• Patients in provisional-access states who saw a PT first averaged LBP-related costs that were 19% higher than PCP-first patients at 30 days. It was a different story in unrestricted-access states, where patients who visited a PT first averaged costs that were 4% lower than PCP-first patient costs, a difference that authors call "insignificant."

    Why it matters
    This large-scale retrospective study—authors believe it's the first to analyze how state limits on PT access affect utilization and costs—adds to the evidence that direct access to a PT for LBP (and seeing a PT first) achieves effective results. The cost differences alone are potentially significant, given the estimate that as many as 70% of people will experience LBP in their lifetimes, making it "the third most costly medical condition in the United States," according to authors.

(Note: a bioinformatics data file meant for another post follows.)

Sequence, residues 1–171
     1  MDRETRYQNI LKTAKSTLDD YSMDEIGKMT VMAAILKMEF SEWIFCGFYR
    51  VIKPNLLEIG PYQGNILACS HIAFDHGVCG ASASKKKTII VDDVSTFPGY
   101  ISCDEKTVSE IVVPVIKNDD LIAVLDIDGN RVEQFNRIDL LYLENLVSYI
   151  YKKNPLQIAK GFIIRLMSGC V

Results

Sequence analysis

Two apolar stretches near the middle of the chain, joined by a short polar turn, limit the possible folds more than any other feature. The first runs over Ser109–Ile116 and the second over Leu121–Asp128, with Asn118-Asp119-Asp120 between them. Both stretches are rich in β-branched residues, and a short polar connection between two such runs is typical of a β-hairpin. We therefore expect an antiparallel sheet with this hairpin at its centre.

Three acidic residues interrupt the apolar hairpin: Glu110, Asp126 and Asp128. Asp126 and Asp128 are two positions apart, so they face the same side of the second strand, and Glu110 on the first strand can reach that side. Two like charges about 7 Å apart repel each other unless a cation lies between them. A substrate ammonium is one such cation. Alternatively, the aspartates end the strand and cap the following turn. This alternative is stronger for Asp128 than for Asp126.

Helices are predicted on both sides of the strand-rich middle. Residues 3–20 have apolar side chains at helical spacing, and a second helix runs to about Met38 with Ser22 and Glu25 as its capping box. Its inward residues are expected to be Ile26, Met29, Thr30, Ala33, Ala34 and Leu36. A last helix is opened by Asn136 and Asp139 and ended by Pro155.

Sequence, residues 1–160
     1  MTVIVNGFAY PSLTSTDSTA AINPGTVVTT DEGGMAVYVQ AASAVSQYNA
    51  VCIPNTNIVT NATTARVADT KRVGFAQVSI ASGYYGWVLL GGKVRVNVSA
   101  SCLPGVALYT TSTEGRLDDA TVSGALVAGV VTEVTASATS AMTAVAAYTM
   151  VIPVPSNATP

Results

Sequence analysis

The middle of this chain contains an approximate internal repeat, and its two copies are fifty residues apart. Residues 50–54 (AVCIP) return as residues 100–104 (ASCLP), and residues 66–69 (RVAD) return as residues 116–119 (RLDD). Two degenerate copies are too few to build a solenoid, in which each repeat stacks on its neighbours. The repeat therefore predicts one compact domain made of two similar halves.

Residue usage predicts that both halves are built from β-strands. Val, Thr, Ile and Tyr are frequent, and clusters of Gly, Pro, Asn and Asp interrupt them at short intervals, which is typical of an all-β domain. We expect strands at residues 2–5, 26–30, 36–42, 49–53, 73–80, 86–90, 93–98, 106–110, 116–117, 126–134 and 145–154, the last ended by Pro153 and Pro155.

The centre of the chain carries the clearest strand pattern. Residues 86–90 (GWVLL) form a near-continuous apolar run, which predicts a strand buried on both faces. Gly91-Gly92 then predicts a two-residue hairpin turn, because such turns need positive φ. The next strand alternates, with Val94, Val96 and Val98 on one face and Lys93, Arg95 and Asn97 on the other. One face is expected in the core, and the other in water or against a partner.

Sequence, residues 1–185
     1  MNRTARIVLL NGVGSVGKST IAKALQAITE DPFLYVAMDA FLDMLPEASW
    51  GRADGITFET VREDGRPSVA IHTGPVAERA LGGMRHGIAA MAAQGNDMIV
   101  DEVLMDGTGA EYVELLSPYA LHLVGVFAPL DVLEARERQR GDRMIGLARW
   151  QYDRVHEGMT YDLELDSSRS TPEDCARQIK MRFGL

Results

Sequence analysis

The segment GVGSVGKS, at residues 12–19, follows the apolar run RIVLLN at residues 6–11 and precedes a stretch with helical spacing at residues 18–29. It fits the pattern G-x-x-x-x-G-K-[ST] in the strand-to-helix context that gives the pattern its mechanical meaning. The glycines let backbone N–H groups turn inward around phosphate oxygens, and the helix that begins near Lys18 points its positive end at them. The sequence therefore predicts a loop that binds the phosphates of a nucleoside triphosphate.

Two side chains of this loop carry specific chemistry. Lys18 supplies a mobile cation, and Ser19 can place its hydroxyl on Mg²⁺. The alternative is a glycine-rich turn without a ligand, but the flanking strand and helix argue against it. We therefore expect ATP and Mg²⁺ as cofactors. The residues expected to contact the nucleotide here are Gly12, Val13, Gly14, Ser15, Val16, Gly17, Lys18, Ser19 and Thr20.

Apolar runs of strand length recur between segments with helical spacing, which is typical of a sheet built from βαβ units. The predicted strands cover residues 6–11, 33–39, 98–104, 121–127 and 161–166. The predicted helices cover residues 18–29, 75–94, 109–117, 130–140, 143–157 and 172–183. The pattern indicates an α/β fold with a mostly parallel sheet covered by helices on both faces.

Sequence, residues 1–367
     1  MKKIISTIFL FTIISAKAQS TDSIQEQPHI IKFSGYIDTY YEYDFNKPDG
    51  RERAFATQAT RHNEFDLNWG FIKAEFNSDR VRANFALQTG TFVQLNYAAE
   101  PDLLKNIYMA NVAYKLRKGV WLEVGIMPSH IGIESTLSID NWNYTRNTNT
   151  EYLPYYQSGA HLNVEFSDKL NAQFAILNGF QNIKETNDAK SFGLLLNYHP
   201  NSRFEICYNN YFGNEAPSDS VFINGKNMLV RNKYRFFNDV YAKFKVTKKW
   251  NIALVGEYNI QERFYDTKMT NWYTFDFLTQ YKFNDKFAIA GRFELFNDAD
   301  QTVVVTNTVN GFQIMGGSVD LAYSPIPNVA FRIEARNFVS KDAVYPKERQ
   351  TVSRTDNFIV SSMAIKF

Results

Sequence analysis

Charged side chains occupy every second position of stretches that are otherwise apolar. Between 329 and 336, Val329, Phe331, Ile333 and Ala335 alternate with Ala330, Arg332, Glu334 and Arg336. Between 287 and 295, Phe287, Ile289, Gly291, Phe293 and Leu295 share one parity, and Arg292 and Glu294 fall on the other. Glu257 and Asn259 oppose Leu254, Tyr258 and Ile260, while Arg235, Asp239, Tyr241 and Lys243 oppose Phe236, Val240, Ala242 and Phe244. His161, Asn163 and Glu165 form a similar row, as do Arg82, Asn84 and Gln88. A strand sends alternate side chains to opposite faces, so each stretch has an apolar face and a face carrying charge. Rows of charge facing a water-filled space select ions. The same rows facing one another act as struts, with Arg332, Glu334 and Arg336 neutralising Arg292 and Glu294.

More from the study
    Authors were particularly interested in the findings that patients in provisional-access states who saw a PT first tended to incur higher cost and utilization than those whose index visit was with a PCP. Authors believe the explanation for the difference may have something to do with the way the restrictions tend to increase the need to visit physicians following the initial PT visit to comply with requirements around, for example, imaging or specific procedures.

    Similarly, authors theorize that the cost ratio—in other words, the magnitude of the differences—may also be due to the pressures provisional-access systems bring to bear on LBP treatment.

    "Given that patients in provisional-access states often are required to see a PCP after a certain number of physical therapist visits or required a PCP shortly after the initial physical therapist visit, these additional visits likely increase the cost of care in provisional-access states," authors write. "Since physician gatekeeping does not occur in unrestricted-access states, which would increase the cost of care, we would postulate that this restriction accounts for the differences in 30-day costs between provisional-access states and unrestricted-access states."